I remember my first fight at school. Martin, the kid’s name was. A little fella with an arrogance to rival Kanye West and an equally stuck-up hair do.
I’m not completely sure what the fight was about, although I vaguely remember him claiming I insulted his girlfriend – which I assume means she failed to recognise my esteemed wit and didn’t know how to take a joke. In reality the tussle was more likely cause by the fact that I was a cocky, little ginger git and I probably talked my way into the confrontation.
Anyway, I say ‘fight’ but what actually ensued was a slow, steady circling of opponents with each teen reluctant to throw the first fist. For my part, I’d already made sure that I was late to the bout, safe in the knowledge that I’d be saved by the school bell in 7 minutes time so if my debut in the ring (a literal ring of onlookers) went sour then I could just assume the fetal position and see the round out. Such tactics were unnecessary though as it quickly became clear that neither of us were willing to make the first move.
Both myself and Martin had adopted the a similar counter-attacking ethos and the non-paying spectators were treated to a very mediocre scrap. Kind of like last weeks match with Bolton…
(See, we got to the Blues eventually!)
Monk & co are building a very successful season based on counter-attacking football and the stats show that we’re happy just to let the opposition enjoy the lion share of possession whilst we sit back and wait to pounce. For the lesser teams; it’s a tactic we adopt for the full 90 minutes whereas the games against the Leeds’ of the division are more of a smash n grab affair followed by some expert shithousing and time-wasting – a field in which Lord Manbun absolutely excels.
It’s a great tactic for a limited squad such as ours but we do tend to hit a brick wall against teams that set themselves up in a similar fashion. Enter Bolton Wanderers.
In what was potentially the most boring half of football I’ve ever seen, both of the EFL black sheep proceeded to play a game of hot potato and essentially sat back and dared each other to go forward. Although it may be a cracking tactic against those that underestimate us, when counter-attacking football is used against us, we tend to struggle somewhat.
The Boro game is another good example. Many said that we dominated the second half and forced Pulis’ men to park every bus in Teeside in front of Darren Randolph. I’d suggest that this is only half true.
We DID control the game in the second half but I’d argue that this was because we were allowed to do so. Pulis did what Pulis does best and soaked up all the pressure. Then the minute we pulled one back they flicked a switch and caught us on a breakaway. Sound like a familiar tactic?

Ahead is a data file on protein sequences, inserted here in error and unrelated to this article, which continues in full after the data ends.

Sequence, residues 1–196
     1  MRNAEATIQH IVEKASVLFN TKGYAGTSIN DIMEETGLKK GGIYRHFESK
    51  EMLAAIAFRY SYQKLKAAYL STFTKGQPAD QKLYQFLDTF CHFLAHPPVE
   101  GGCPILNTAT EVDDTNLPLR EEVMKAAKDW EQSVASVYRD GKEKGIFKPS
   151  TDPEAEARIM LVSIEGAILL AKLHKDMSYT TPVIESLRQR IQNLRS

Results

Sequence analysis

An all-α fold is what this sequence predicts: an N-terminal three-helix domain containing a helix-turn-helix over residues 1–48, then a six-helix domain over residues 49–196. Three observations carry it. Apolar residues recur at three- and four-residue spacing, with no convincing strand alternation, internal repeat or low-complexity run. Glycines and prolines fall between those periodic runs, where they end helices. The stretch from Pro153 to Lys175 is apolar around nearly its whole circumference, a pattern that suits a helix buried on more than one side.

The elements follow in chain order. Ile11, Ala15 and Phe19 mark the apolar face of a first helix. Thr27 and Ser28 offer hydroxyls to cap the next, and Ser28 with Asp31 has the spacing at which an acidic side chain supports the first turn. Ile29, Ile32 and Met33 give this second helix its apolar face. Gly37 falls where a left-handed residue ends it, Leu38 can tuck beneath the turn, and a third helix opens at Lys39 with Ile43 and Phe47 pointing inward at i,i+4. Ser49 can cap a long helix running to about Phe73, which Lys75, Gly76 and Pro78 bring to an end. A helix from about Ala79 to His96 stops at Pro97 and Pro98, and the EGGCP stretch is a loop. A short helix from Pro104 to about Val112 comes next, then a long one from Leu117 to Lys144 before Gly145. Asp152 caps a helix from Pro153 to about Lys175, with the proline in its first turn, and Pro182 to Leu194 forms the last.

Of course, we didn’t help ourselves with the questionable substitution of Isaac Vassell on for Dutch Mike right after our equaliser went in. Although this was explained away by Monk in the post-match interview in which he stated that he wanted to go for the win; I can’t help but wonder whether that decision cost us a point. I think Isaac’s got a great future and he certainly added a spark against Forest a couple of weeks ago but were we right to bring a third striker into the fold rather than settling for the draw? Perhaps not…
Now I know what you’re thinking, “is this cocky, little ginger git questioning Monk?! Martin was right to fight him!”. Hear me out though.
I stand by our manager 1000%. He knows the squad and the game of football a hell of a lot better than I ever will and great men must make great decisions. However the substitutions are sometimes questionable to say the least. To bring it back to the Bolton game, one could ask how effective the decision to swap Lil’ Gards for the returning David Davis was. I’m sure Digga was raring to go and eager to show us why we may have been missing him but at 0 – 1 down against a team determined to sit back and defend, maybe the more attacking Conor ‘stud-muffin’ Mahoney may have been a better option? Or even Gards-the-elder?
And let’s not forget that Dutch Mike, who was probably our best player on the night, was sent for an early bath rather than the largely ineffective Maghoma who, I’m sorry to say, seemed to coast through yet another game.
I’ve said it before and I’ll say it again – our job is done this season. We’re staying up and Che Adams will net us a tidy chunk of change in the summer with which to build a playoff chasing team next season. Although it would be a dream come true, I honestly don’t see us holding a playoff spot this year so dropped points here and there aren’t the be all and end all. However, as discussed in last week’s We Are Birmingham Podcast, we do need to work on our Plan B’s a little.
We need to work out how to break down opponents that insist on playing for the draw – that’s what the top teams do. It’s not easy and it can be frustrating as hell but there comes a time when we need to ditch the sit-back-and-wait vibe in favour of a more aggressive approach.
Conversely, when things ARE going our way, there’s no harm in suring up our defences and riding a game to its conclusion. In the midst of a QPR comeback, perhaps it was better to bring a more defensive player on rather than swap Jukey for Mrabti? Then again at 4 – 3 we swapped Che for Isaac when we really could have done with throwing Pedersen out there.
We’re flying at the moment and these are just little niggles but as it stands currently, if our counter-attacking doesn’t work – we’re stumped. If we don’t make effective subs – we’re snookered. And if Martin still wants it – I’ll meet him round the back of the science block at 3:15 and we’ll see who the REAL man is!